On your 9th birthday, you asked for three gifts: pearls, a Monopoly, and a Wimbledon victory. Why Wimbledon specifically?
Back then, it was broadcast unencrypted on France Télévisions. There was the French Open and Wimbledon, and my family would spend all June in front of the TV. When I saw my idol Pete Sampras raise the gold trophy on this wonderful green court, with the Royal Family and all the prestige, I thought: “Wow, if only it was me, one day…” It was my dream.
This dream came true twenty years later. When you heard the speaker say: “Marion Bartoli is the 2013 Wimbledon winner,” what did you think?
I had a lot of flashes from my childhood. I thought about the million tennis balls I hit on the boules pitch in Retournac, my home village in the Haute-Loire region, and about the trainings in the cold with my dad… He used to tell me: “You’ll see, one day, before the most important game of your life, you will understand how important these many serve practices were…” He was right.
Today, what is the first thing you see when you remember this Grand Slam victory?
Honestly, I cannot pick one. I don’t only think about the final, I also remember my doubts. The beginning of the season was hard, so it was kind of a miracle to win Wimbledon that season.
How were you when you arrived in London?
I was exhausted. I went from a little virus to another. I suffered from an Achilles tendinitis, so I would sometimes get up without being able to put my heel on the floor. I also suffered from a right shoulder tendinitis. In other words, it was all going wrong! It was my fourteenth year as a professional player and, to compete with – and sometimes beat – the champions I faced, I had to work even more, because I did not have the same natural qualities. It burnt me out physically.
Before the tournament, you decided to twist the structure of your trainings. Your father, who had always been your coach, was put aside a few weeks before. Why?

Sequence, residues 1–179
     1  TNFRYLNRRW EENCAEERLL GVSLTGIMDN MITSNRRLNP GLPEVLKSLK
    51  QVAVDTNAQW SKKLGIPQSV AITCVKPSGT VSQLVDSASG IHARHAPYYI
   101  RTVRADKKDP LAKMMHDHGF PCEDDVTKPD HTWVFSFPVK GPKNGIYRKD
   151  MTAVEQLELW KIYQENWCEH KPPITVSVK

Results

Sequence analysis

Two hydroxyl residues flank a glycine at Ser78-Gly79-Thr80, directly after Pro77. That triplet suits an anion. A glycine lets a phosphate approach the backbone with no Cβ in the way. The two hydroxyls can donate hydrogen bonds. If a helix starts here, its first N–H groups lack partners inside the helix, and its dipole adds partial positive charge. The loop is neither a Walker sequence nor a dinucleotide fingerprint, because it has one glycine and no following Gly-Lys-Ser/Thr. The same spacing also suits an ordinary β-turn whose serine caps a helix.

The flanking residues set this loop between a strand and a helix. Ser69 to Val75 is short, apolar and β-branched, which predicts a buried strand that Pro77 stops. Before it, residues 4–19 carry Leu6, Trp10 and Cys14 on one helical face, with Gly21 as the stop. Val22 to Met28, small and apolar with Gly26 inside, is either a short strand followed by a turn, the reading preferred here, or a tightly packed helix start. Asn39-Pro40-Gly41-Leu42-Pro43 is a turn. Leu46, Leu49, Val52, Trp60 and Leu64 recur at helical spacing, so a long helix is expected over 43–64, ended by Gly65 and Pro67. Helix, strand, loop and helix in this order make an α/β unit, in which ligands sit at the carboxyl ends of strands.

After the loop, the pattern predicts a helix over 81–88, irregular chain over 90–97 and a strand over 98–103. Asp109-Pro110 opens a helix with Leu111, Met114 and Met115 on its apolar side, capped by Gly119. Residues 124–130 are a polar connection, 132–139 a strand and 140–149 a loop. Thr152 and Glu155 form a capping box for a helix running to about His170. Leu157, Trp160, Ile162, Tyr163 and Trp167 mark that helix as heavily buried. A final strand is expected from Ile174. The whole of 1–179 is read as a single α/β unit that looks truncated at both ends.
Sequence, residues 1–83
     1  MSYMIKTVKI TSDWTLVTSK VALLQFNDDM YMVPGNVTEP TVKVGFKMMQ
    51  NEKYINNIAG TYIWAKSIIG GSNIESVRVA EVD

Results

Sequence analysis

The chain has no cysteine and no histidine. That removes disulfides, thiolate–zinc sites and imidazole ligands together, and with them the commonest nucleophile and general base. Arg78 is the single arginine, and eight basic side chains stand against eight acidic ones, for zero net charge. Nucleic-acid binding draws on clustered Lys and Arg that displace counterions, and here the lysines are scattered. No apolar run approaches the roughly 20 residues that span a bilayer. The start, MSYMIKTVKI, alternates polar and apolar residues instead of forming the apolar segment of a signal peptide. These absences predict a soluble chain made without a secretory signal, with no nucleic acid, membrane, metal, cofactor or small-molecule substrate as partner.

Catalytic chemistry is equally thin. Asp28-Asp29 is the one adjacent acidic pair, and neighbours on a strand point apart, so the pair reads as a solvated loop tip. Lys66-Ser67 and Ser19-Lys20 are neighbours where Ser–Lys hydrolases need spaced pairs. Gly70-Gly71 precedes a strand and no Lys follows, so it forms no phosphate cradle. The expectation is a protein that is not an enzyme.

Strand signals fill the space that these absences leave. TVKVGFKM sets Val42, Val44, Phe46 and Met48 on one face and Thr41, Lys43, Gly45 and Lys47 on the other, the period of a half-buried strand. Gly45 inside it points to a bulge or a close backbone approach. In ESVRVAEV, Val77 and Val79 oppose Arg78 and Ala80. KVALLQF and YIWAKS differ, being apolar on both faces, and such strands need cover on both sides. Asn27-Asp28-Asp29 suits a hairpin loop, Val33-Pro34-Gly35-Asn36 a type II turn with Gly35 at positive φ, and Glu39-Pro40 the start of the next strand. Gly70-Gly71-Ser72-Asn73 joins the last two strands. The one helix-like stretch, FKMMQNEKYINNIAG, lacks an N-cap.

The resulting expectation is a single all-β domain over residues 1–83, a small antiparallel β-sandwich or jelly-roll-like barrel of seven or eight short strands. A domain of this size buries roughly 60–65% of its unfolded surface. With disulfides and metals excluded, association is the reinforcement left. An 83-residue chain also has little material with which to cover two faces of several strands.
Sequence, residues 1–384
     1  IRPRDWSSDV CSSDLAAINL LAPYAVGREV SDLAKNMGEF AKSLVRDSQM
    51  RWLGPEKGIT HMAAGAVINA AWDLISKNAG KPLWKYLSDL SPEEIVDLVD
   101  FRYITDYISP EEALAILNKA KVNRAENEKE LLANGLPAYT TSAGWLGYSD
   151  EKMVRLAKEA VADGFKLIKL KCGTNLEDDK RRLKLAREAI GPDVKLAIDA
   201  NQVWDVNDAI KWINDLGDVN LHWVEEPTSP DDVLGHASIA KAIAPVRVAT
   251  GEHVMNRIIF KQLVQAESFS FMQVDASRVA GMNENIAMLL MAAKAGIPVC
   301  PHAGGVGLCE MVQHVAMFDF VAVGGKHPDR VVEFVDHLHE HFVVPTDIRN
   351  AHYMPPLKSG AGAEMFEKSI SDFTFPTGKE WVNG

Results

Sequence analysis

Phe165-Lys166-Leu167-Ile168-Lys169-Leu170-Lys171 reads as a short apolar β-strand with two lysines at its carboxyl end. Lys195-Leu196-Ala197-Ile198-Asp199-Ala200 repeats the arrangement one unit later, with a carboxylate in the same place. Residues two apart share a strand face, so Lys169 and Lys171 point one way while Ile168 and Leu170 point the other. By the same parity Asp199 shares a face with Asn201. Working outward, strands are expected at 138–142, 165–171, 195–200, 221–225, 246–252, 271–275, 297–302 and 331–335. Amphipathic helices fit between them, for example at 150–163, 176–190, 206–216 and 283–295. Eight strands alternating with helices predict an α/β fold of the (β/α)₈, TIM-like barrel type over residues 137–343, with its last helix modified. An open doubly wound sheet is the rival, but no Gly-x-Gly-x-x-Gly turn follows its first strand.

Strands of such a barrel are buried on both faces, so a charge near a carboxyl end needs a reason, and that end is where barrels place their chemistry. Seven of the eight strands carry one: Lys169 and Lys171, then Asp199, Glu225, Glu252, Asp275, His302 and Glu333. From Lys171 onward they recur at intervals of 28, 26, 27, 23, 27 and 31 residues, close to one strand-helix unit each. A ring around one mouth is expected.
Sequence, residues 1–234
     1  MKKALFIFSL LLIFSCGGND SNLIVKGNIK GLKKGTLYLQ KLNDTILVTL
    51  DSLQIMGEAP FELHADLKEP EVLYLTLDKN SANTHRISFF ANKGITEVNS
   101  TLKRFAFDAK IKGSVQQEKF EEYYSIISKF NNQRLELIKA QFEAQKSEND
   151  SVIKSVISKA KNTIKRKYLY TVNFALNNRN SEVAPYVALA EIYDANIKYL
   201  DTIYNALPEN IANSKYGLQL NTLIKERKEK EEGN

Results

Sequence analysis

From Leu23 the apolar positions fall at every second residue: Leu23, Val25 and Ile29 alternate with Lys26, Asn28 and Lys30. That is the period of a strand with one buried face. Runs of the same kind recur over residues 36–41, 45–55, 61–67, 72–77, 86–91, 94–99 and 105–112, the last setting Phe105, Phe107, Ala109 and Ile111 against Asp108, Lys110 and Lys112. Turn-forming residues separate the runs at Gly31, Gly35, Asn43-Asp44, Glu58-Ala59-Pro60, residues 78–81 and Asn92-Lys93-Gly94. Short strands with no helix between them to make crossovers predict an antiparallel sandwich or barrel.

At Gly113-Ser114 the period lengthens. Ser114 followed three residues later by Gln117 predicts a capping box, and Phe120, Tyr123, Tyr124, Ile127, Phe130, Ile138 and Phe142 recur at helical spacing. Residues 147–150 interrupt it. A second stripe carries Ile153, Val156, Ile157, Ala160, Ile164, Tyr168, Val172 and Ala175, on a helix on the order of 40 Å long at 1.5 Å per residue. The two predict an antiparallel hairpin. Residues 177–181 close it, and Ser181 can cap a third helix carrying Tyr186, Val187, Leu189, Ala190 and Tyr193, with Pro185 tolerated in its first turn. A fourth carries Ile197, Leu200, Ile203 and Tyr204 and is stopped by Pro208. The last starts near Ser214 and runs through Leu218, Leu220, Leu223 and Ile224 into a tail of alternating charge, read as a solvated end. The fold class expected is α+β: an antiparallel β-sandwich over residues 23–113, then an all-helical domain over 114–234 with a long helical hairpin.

I felt I needed a new method, or at least, I wanted to try something else. So, I started practicing with Thomas Drouet, my sparring-partner. Amélie [Mauresmo] was our supervisor as Fed Cup captain. And there was Nicolas Perrotte, an FFT [French Tennis Federation] appointed personal trainer, and Antonin Mouchet, a physio. Instead of having my dad deal with everything, which is not easy, I had several people dealing with specific tasks.
What was your mindset before the start of the tournament?
We started a bit fresh and joyful. We thought it was better for me to take one match after the other, that we would wait and see… And I won one, two, three, four, five matches. Then, I beat Sloane Stephens in the round of 8, on Court 1. It was a very tough match and it felt like a stimulus. After that, I knew deep down that I would win the tournament.
You spent all your nights alone over the fortnight. Wasn’t it too hard to be alone all the time?
No, because I am a born loner. When I wanted to watch the end of the matches on TV, in my room, I could. I did not have to dress up and “pretend”. No need to go to the restaurant or waste my time chit-chatting. I was in my bubble, and I could focus on basic daily things: getting up, moving my shoulder as smoothly as possible, then moving my Achilles as smoothly as possible… I felt better every day, I improved the way I moved on the court match after match. Obviously, I was getting more and more self-confident, too.
To what extent the Wimbledon final you played six years before against Venus Williams helped you?
It helped me a lot. In 2007, it came out of nowhere. I had just beaten Justine Henin, a great champion. It was an earthquake in the tennis world. I did not have much time to prepare for the final against Venus Williams. My semi-final ended on Friday night, and I had to play the final on Saturday. I remember waking up thinking: “Wow, I am a Wimbledon finalist! I am going to play the match I have dreamt of since I was a child…” There were important people in the stands… The boss of the brand with the Swoosh was sitting in my box… I was under a lot of pressure. Not that I would have beaten Venus for sure if I had managed to deal with that, but I would have definitely been a tougher opponent [she lost 6-4, 6-1].